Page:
Recently, in reviewing some of my files and notes in my computer, I was reminded of a guest speaker that we had at our church a while ago. This particular speaker was asked to talk about “the feminine side of the Holy Spirit.” The rationale for such a topic is that the word in the Old Testament for “spirit” (Hebrew, ruach) is feminine in gender. The speaker then proceeded to describe the feminine traits of the Holy Spirit and its relationship within the Trinity.
This interpretation is a spectacular demonstration of dreadful exegesis.
Such a terribly incorrect interpretation fails to understand something that almost any first year language student would learn: there is a difference between “natural gender” and “grammatical gender.” One of the ways some languages (including Greek and Hebrew) classify nouns and how they change in sentences (known as its “inflection”) is by gender. Hebrew has two gender categories: masculine and feminine. Greek has three: masculine, feminine and neuter.
Sometimes the natural gender corresponds to the grammatical gender. For instance, the Hebrew words for wife, sister, daughter, etc. are feminine. Likewise the words for man, husband, king, etc. are masculine.
However, in the majority of cases there is no correspondence between the grammatical gender of the noun and its supposed natural gender. For example, here is a very short list of nouns in Hebrew that are feminine:
- sword (cherev)
- war (milchama)
- sin (chatta’t)
- righteousness (tzedaqa)
- salvation (yeshu‘a)
- blessing (berakha)
- chariot (merkava)
- kidneys (kilya)
- wickedness (zimma)
- mercy seat (kapporet)
- ark (teva)
- garden (ganna)
I suppose it might be fascinating to base a sermon on the feminine side of righteousness, blessing, or salvation. But what about the alleged feminine side of sin, war, or kidneys? Must we assume that sin is a uniquely feminine quality?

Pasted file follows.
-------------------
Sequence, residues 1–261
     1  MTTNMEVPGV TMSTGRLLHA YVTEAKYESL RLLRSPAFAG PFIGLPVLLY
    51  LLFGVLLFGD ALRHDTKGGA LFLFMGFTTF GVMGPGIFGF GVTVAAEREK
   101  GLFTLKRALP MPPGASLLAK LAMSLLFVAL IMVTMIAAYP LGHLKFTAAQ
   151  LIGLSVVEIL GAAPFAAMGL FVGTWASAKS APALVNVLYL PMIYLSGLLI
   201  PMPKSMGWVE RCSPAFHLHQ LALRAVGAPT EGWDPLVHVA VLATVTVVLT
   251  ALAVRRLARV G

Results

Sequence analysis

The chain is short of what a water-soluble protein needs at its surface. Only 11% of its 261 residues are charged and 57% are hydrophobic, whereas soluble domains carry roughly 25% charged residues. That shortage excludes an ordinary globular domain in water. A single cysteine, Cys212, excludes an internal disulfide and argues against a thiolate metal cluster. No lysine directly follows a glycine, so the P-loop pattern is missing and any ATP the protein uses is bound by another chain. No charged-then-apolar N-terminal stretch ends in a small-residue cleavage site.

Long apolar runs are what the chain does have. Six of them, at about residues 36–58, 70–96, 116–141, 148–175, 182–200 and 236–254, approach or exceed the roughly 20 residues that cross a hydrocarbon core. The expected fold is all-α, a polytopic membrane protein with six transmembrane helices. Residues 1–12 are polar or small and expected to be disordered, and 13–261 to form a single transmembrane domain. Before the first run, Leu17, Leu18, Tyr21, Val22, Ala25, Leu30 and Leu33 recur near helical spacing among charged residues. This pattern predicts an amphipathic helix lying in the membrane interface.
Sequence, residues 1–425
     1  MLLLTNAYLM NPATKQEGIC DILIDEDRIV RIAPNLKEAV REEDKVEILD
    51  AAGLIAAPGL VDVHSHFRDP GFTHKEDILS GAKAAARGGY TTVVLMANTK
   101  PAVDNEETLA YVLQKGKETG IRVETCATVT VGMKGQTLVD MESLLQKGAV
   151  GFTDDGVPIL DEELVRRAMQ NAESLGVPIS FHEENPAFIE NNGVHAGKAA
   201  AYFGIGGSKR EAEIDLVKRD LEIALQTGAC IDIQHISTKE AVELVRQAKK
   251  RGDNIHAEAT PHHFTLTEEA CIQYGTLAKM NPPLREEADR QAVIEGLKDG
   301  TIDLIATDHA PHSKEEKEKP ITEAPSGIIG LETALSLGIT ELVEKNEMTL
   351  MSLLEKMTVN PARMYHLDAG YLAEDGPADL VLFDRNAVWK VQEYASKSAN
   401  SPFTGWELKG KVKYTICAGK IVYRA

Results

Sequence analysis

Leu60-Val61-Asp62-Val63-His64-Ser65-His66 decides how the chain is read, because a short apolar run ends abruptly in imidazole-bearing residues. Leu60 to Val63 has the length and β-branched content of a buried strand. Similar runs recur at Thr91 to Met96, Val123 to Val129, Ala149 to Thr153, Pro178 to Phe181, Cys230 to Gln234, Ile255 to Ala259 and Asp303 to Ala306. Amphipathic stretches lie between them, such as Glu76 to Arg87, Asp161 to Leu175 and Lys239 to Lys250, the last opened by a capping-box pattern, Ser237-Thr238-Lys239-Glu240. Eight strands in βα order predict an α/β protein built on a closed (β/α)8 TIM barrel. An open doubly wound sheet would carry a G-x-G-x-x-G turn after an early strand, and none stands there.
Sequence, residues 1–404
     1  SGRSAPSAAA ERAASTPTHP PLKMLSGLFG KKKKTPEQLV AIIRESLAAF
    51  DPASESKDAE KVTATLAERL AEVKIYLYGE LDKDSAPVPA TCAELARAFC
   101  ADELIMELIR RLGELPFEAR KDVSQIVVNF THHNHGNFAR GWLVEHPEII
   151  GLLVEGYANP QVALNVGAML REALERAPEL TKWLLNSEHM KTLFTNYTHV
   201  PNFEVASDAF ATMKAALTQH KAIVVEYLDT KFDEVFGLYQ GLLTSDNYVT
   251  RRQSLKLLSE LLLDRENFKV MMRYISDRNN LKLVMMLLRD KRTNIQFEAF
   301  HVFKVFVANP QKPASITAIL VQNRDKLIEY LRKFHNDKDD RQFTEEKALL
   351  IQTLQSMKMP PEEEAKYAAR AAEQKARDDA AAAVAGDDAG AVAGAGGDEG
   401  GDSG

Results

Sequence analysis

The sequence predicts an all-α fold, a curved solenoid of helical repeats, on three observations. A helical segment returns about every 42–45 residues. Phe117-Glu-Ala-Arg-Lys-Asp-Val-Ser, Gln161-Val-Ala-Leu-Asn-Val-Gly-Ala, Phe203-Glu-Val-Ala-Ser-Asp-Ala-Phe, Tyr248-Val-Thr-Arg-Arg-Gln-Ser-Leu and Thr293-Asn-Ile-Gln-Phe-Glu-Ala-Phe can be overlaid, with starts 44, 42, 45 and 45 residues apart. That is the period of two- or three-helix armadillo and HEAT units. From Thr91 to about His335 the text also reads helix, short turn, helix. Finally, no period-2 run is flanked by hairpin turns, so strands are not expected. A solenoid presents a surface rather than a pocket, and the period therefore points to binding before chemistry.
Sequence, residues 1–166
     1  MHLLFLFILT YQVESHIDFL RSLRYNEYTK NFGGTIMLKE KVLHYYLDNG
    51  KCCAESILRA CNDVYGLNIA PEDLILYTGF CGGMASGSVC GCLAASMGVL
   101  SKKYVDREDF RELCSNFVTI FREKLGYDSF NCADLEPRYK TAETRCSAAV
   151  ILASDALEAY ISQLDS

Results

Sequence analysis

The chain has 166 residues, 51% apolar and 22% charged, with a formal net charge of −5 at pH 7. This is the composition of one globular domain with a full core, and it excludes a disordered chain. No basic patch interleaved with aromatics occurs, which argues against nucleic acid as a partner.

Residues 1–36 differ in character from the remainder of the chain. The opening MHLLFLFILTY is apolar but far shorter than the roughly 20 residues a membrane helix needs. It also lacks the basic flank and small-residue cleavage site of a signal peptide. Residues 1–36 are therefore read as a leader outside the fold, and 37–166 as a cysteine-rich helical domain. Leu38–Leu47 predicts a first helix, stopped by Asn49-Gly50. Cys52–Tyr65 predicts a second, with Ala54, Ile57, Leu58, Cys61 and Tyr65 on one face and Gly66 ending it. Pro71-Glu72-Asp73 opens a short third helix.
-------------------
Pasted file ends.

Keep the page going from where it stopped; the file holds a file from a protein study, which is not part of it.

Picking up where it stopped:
And let us not forget my personal favorite Hebrew feminine noun: “foreskin” (‘orla)! Who is going to build a sermon around “the feminine side of the foreskin”?
All of this poses a problem for building a teaching on the feminine side of the Holy Spirit purely because the Hebrew noun is feminine. Not only that, such a view is quite untenable when one considers that the Greek word for “spirit” (pneuma) is neuter! If the Holy Spirit truly is feminine, why wouldn’t the Greek noun be in the feminine gender? The answer is that in most cases there is no association between a noun’s grammatical and natural gender.
Perhaps a better approach would be to avoid reducing God to one of our human masculine/feminine categories. We must remember that God transcends gender: “So God created man in his own image, in the image of God he created him; male and female he created them” (Gen 1:27 ESV). It is true that God is referenced with the use of masculine pronouns. To address that issue would be beyond the scope of a blog post. And it is true that Jesus, as God incarnate, was male “according to the flesh.” Nevertheless, it is a mistake to think of God in terms of natural sexual characteristics.
In the same way, it is certainly a mistake to think of the “feminine side of the Holy Spirit” merely because its noun in Hebrew is feminine.